Mauro Ranallo hit it right on the button.
Within moments of Jimmy Lennon Jr.’s proclamation that English-born Kell Brook was “the new” International Boxing Federation welterweight champion after 12 bloody rounds with Shawn Porter, the Showtime blow-by-blow man crystallized the old country’s thoughts eloquently.
“If you listen closely,” Ranallo said. “I’m sure you can hear the celebration over in the U.K.”
Indeed, though the tumult in Brook’s native Sheffield was eight time zones away from where “The Special One” earned his title—about 15 miles from downtown Los Angeles—it wasn’t hard to imagine the decibel spike once it became official the Union Jack’s championship roster had grown by one.
But even after Brook makes the 5,300-mile trek home and the frenzy tapers back to routine, there should be at least one more Englishman whose voice will stay hoarse for a few more weeks.
His name: Amir Khan.
Not only did the upset at the StubHub Center derail heady plans for the next wave of American welterweights being groomed to succeed Floyd Mayweather Jr., it went a long way toward guaranteeing the country that hosted 2014’s biggest live fight crowd might very well repeat the feat next year.
It was a memorable stateside sight when 80,000 fans crammed into London’s Wembley Stadium to watch super middleweights Carl Froch and George Groves last spring, and there’s little reason to believe the pre-existing friction between Brook and Khan couldn’t create a similar blaze next time around.
The two have paired up in a prolonged verbal dance across the British media for the last several months, with Brook’s promoter, Eddie Hearn, reportedly offering Khan $8 million to meet his man after Khan’s would-be shot with Mayweather was denied in favor of Marcos Maidana.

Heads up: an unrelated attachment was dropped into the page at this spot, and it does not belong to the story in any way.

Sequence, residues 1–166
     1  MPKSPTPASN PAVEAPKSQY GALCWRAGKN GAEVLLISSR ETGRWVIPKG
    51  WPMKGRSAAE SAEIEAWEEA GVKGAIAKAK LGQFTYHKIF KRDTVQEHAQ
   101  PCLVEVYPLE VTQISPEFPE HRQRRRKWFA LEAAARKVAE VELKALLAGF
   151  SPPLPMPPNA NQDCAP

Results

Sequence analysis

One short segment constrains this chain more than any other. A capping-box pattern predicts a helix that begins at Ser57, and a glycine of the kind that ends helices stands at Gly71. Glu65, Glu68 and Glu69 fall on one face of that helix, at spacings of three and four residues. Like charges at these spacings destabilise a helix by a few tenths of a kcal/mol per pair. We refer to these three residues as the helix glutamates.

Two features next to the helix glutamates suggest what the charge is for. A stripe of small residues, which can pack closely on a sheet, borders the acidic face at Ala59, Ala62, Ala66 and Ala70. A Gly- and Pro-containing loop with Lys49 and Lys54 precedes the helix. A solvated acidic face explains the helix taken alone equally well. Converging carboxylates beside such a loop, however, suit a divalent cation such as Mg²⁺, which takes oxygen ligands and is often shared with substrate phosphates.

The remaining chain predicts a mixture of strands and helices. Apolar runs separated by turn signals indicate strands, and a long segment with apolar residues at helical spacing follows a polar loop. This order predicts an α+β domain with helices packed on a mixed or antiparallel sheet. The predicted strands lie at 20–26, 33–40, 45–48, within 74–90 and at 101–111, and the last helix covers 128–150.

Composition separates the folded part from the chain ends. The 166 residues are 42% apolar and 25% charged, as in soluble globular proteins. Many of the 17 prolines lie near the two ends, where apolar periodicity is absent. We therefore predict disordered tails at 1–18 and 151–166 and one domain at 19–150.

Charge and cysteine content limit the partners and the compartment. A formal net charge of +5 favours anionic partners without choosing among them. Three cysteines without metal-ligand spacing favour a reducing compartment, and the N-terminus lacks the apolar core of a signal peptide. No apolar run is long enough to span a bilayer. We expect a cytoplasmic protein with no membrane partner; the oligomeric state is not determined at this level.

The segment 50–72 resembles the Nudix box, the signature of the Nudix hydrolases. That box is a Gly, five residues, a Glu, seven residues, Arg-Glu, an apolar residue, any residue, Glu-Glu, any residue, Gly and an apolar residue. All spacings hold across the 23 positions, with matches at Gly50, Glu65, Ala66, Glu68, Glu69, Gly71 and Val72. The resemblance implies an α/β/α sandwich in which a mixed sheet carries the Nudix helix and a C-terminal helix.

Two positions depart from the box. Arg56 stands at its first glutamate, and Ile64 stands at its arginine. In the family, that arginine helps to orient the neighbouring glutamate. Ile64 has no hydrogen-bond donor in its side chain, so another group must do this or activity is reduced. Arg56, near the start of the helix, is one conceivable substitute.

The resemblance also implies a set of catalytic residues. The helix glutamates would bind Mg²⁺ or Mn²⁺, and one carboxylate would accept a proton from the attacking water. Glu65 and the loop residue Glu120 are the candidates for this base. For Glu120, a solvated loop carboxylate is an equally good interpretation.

Khan then lobbed a volley of his own prior to Brook’s fight with Porter, insisting to ESPN.co.uk that he wanted an immediate match with the winner and that Brook had been using his fame to draw attention.
I've fought all over the world and my goal is to get the biggest fights out there and fighting for the world titles. Brook built his name up by saying he wants to fight me. He has said less recently because he has to win this and the only way I will fight him is if he beats Porter or a name.
Now that Brook has copped an IBF belt, he suggests he’s already earned another title, too.
“All the top fighters are probably watching this fight, and I welcome those fights,” he told Showtime’s Jim Gray in the post-fight ring. “It’s been a long time coming and I’ve been sacrificing for this moment, and now it’s worth it 10 times over. I’m the top dog in England now.”
Lingering U.K. intrigue aside, it’s not a bad matchup when it comes to the world stage, either.
Brook entered Saturday among the top seven welterweights, according to the IBF (1), IBO (4) and WBO (7), and Khan is deemed similarly elite by the WBC (1), WBA (4), WBO (6) and IBO (7).
Additionally, the two were slotted seventh and 11th, respectively, by the Independent World Boxing Rankings, which list all fighters in a given weight class regardless of their sanctioning body status.
“I’ve always thought Kell Brook would be a handful for anyone he faced in a world championship bout,” Showtime’s Al Bernstein said after Saturday’s fight. “He did exactly what he wanted to do in this fight.
“This man showed he is a world-class fighter.”
And now that he’s got a high-profile trinket, he’s about to become a world-class attraction, too.
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